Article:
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ORNL team develops high-performance solid electrolyte for Li-ion batteries; enabler for high energy density

24 January 2013

Researchers at Oak Ridge National Laboratory (ORNL) have developed a high-performance, nanostructured solid electrolyte for more energy-dense lithium ion batteries.

Lithium-ion-conducting solid electrolytes could enable high-energy battery chemistries, circumventing safety issues of conventional lithium batteries, which use liquid electrolytes. However, achieving the required combination of high ionic conductivity and a broad electrochemical window in solid electrolytes is a grand challenge for the synthesis of battery materials, the authors note in a paper published in the Journal of the American Chemical Society. In the paper, they report an enhancement of the room-temperature lithium-ion conductivity by 3 orders of magnitude through the creation of nanoporous Li3PS4 (lithium thiophosphate).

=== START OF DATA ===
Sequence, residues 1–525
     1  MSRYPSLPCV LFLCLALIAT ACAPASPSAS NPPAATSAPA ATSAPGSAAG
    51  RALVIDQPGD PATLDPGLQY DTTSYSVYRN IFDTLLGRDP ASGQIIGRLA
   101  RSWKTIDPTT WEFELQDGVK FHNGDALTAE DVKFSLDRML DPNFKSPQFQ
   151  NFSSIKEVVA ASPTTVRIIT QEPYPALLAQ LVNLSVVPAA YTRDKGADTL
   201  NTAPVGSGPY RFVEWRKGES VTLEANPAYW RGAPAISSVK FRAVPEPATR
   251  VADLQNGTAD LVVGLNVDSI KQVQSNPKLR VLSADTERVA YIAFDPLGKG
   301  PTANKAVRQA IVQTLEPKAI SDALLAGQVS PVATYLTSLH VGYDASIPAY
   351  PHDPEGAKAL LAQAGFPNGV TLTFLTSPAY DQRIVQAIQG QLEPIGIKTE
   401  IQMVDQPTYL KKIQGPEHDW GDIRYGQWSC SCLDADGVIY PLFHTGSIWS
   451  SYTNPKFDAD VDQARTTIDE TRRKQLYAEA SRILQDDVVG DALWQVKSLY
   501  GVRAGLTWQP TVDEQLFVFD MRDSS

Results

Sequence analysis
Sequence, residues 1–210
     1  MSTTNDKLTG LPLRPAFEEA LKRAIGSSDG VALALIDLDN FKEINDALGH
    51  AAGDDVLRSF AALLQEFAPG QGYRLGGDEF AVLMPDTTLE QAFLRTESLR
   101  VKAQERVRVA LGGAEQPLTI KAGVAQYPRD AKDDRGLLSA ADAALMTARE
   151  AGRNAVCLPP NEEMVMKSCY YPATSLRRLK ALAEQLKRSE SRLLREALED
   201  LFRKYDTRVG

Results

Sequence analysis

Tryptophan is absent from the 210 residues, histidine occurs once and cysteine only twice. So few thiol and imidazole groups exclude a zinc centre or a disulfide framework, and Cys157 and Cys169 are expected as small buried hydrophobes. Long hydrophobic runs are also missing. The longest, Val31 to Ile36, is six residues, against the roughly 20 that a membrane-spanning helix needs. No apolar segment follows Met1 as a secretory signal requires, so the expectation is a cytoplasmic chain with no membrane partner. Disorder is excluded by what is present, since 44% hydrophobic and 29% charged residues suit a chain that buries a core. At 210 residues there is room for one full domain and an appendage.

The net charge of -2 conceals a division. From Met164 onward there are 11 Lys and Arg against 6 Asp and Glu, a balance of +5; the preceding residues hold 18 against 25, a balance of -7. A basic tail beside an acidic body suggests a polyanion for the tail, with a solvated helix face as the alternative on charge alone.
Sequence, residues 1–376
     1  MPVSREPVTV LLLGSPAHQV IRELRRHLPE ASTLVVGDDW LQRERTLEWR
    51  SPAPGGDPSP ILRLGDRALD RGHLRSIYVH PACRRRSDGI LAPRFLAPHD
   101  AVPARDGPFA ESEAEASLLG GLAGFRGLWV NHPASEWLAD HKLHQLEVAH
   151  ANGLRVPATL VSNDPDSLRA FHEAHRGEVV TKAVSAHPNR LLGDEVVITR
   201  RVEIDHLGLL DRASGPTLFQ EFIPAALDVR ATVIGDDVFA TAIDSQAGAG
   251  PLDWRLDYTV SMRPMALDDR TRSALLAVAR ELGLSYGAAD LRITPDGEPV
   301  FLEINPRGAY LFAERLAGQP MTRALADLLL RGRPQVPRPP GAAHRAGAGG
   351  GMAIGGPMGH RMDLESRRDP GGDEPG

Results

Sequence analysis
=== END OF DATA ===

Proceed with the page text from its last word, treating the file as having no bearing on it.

Although promising, the current lithium-ion batteries that use organic liquids as electrolytes have many limitations for achieving high energy density. For example, lithium metal, which has the highest gravimetric energy density of all anode materials, cannot be used with a liquid electrolyte because of the compromised cyclability and concerned safety issues. Replacing organic liquid electrolytes with solid electrolytes would bring a new perspective to research on lithium-ion batteries, enabling high-energy battery chemistry with an intrinsically safe cell design.

Nevertheless, solid electrolytes have not been widely used in lithium-ion batteries because their ionic conductivities are generally too low to meet the required current density. Many of the lithium-ion-conducting materials have good compatibility with lithium metal, but their conductivities are still a few orders of magnitude lower than that of the liquid electrolytes. In addition, high interfacial resistance is a challenge for solid electrolytes.